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  Contact: Beth Shockley, DNREC Public Affairs, 302-739-9902 

Public invited to attend kickoff event for Children in
Nature Initiative
with the goal of Leaving No Child Inside
Dover event to feature “Last Child in the Woods” author Richard Louv
and presentation of a plan to get Delaware's children outside

DOVER (Oct. 1, 2012) – A new report that provides recommendations to connect Delaware’s children with the outdoors will be released this evening at a kickoff event featuring national author Richard Louv, who penned “Last Child in the Woods,” which has stimulated an international conversation about the relationship between children and nature. 

“In its public support of connecting children to nature, Delaware is setting an example for much of the country and the world,” said Louv. “New recommendations from Delaware’s Children in Nature/No Child Left Inside Task Force will encourage all of us to take the next steps. All children need nature. Not only the only the ones whose parents love the natural world. All children.” Richard Louv left author of "Last Child in the Woods," confers with DNREC Sec. O'Mara at the Leave No Child Inside kickoff event

The event will take place tonight at 7 p.m. at Delaware Technical Community College, Terry Campus, (100 Campus Drive, Dover, DE 19904) Education and Technology Building, Room 727 A-D Conference Center.  

The report, prepared under the leadership of Governor Jack Markell by the Children in Nature/No Child Left Inside Task Force, identifies the national trends contributing to growing childhood obesity, including lack of physical activity, poor nutrition, and limited outdoor experiences, all of which adversely impacts the health of children and academic achievement. Evidence now shows that children ages eight to 18 average 6.5 hours per day with electronic media and just minutes a day engaged in unstructured outdoor activities.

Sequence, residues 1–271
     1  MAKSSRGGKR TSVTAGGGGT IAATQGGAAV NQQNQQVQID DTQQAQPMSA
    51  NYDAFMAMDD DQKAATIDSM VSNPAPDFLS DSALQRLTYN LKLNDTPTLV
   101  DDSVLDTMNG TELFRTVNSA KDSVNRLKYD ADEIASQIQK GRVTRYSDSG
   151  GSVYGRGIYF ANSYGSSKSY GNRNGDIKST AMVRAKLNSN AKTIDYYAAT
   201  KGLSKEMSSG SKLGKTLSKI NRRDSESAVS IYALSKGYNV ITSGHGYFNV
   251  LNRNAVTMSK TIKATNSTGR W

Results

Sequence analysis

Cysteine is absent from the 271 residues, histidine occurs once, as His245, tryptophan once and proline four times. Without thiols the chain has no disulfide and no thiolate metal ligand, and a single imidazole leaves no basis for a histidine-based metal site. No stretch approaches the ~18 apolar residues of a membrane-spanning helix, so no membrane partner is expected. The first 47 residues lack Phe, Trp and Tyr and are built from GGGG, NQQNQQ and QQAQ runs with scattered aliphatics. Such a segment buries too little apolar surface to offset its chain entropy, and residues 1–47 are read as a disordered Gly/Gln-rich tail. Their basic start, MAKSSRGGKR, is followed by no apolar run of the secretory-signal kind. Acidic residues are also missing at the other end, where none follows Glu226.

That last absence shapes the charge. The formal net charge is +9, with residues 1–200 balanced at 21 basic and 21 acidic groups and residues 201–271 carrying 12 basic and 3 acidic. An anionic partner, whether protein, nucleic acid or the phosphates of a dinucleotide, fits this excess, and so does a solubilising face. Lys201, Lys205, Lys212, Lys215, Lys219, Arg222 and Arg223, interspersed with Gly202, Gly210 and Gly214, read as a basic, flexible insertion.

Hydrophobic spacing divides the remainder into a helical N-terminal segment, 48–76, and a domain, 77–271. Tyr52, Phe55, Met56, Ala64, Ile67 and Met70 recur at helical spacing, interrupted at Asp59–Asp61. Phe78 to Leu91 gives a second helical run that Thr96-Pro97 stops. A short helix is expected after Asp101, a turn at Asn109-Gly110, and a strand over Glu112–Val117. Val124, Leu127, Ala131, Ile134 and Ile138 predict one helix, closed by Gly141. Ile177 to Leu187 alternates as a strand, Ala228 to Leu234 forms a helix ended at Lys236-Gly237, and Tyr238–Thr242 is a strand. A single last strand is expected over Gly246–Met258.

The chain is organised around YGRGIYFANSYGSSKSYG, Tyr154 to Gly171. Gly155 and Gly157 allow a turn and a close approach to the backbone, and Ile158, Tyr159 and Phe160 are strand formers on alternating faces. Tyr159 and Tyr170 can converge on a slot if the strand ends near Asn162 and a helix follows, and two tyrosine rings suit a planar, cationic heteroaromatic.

“We share a desire to change the lives of children,” said Governor Jack Markell. “They need outdoor activity and nature in their lives. Experiencing nature nurtures a child’s growth. This collaboration provides a plan that can influence our children’s long term well-being. The Task Force report provides this path forward so Delaware can become a leader in environmental education - and its children, active stewards of our lands.”

At the event, Louv will be joined by members of the Task Force representing a vast range of expertise on the issue, including DNREC Secretary Collin O’Mara, and representatives from the Delaware Department of Education, Nemours Health and Prevention Services, the Delaware Nature Society, U.S. Fish and Wildlife Service, the Center for Inland Bays, the Department of Health and Social Services/Division of Public Health, Delaware Greenways and the Delaware Association for Environmental Education. 

“This comprehensive report is an important step towards reconnecting more of Delaware's children with nature and reducing childhood obesity,” said DNREC Secretary Collin O’Mara. “At school, at home, in parks and backyards, we want all children to have the opportunity grow up healthy and strong, enjoy remarkable outdoor experiences, and learn about the importance of clean air, clean water, and Delaware's native plants, fisheries, and wildlife.”

"We have a great opportunity to focus on environmental education throughout the state," Secretary of Education Mark Murphy said. "In addition to an emphasis on environmental literacy, the [national] No Child Left Inside legislation includes healthy living programs, funding for curriculum changes and field trips to environmental areas of interest for children to learn hands-on."